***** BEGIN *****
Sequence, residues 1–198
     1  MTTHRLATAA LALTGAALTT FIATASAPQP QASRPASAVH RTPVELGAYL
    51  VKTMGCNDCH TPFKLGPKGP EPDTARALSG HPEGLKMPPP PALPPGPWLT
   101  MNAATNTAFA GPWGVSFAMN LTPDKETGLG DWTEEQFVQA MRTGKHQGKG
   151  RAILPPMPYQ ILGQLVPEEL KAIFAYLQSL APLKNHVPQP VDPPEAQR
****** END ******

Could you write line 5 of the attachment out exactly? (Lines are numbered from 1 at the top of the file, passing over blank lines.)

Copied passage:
   151  RAILPPMPYQ ILGQLVPEEL KAIFAYLQSL APLKNHVPQP VDPPEAQR